1. Through the LEGO ideas platform, users can propose an idea, or show support for the ideas of other users. Based on a set of internal criteria, the LEGO Group select among user developed projects which have received 10.000 supporters and matures and develops the selected projects in collaboration with the project creator. 


2. If a LEGO development team needs input or feedback for the design process, they will sometimes contact users that are known to be especially talented builders. When the Mindstorm NXT and Evolution 3 robotic sets were developed, LEGO assembled small panels of expert users. In these cases, the goals and issues are defined by LEGO, but users are asked to contribute with their expertise.

The Mindstorms EV3 expert panel


3. To get a sense of new trends that might be important, LEGO keeps an eye on the various websites, where LEGO fans are interacting completely independently of the company. On Kickstarter, for instance, there is steady stream of new proposals for business and projects based on LEGO products. In some cases, LEGO will contact them and suggest a collaboration. 

Examples of self-organized development projects related to the LEGO building system


Crowdsourced sets do as well as standard sets

The sets from the LEGO Ideas platform are performing as well in the market as comparable standard LEGO sets. So far, some of the user-designed sets have become so popular, that they are not just sold online, but through the regular retailer system.

The support from the crowd of users gives an indication of commercial viability before production. The users, which indicate support on the website also give the LEGO Group information about where they are located, how old they are, and how much they think customers would be willing to pay for the set.

Value can be collected from the periphery. Sometimes users have specialized knowledge or ideas that no one inside the company possesses. By monitoring the suggestion on the website, the LEGO Group gets a better sense of trends and changing interests among builders.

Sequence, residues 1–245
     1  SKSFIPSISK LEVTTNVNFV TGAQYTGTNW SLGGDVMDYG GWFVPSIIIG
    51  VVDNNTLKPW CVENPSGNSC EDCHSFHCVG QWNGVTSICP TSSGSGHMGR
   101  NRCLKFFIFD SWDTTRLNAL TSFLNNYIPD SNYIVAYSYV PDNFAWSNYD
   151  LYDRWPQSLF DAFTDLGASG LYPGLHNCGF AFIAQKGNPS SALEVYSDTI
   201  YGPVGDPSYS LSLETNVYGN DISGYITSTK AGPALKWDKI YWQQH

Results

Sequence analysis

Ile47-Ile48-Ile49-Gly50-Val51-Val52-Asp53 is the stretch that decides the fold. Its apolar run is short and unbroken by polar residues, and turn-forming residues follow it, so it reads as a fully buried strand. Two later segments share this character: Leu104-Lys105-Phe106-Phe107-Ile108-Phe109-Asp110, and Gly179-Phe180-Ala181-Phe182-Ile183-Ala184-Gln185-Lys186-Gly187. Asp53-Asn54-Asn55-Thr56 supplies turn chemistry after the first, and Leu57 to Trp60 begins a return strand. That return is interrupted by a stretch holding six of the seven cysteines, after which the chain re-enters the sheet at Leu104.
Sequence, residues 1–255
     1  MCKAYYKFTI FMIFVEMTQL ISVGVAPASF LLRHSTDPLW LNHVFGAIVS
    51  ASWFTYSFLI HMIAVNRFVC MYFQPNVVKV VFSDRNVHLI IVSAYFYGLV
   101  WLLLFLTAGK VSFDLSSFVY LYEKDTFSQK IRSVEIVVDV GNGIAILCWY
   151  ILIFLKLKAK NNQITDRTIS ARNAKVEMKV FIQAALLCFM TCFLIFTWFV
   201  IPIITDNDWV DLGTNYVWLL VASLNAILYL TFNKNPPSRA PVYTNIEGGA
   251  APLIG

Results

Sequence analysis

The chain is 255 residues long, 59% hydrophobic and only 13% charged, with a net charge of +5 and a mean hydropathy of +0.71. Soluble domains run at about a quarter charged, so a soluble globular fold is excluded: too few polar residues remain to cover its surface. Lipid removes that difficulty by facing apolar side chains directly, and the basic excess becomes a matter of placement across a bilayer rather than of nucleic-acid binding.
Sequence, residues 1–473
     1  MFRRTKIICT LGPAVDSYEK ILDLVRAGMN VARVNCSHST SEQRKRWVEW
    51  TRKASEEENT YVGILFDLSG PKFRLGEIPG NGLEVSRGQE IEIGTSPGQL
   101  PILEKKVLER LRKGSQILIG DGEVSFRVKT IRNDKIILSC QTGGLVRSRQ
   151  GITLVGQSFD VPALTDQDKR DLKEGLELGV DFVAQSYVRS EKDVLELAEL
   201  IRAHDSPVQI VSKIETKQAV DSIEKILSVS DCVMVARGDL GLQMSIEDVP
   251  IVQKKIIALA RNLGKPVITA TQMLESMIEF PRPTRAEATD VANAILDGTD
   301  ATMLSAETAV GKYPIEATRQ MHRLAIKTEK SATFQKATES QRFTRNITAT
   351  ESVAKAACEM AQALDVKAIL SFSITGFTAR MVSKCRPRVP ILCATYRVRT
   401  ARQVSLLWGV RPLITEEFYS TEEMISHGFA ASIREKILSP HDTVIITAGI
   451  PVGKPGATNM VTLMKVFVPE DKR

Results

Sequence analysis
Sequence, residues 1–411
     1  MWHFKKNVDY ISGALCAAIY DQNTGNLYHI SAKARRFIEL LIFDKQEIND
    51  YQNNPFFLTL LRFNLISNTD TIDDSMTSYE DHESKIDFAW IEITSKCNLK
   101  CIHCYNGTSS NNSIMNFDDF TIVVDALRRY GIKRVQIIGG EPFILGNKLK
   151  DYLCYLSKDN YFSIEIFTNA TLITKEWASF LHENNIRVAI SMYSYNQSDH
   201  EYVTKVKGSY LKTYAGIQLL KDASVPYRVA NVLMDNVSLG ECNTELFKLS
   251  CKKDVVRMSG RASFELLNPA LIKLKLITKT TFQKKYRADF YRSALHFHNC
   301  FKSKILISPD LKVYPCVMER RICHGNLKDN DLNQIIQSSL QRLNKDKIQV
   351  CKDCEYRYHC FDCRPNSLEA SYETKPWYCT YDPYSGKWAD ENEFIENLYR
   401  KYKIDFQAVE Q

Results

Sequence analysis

Users mobilize their communities to gather support – thereby acting as evangelists and sales people for the LEGO Ideas projects. LEGO has spent very little to promote the LEGO Ideas site or marketing the user-designed products. However, operating the LEGO Ideas website is obviously associated with a cost.


Money is not the motivation to participate

User-inventors are paid 1% of net sales of the set they were part of creating in LEGO Ideas. However, money does not seem to be a major part of the motivation for contributing. Rather, users do it because they want the experience of interacting directly with a brand they care for.

Tormod Askildsen from the LEGO Group says: We pay the inventors out of a consideration of fairness. But for those who have the passion, it’s much more important to be recognized as creators of LEGO Ideas projects which end up as official LEGO products.

In the official LEGO products which are developed based on a LEGO Ideas project, the contributor is mentioned, sometimes very prominently, as in the case of the Dutch designer of the project which led to the LEGO Reseach Institute set. 

Credit and inventor photo from the LEGO Research Institute building manual


Bjarne Tveskov, who co-invented the Cuusoo Minecraft sets, thinks that being treated with respect is the main motivation. For him, money would almost pollute the relationship. “But to me it’s a luxury, it’s a hobby. Obviously, I can’t buy food for my familiy for the recognition I receive”.



The borders between those inside and those outside the company are becoming more blurred.

There is a wide spectrum of user engagement –  a ”long tail” of users: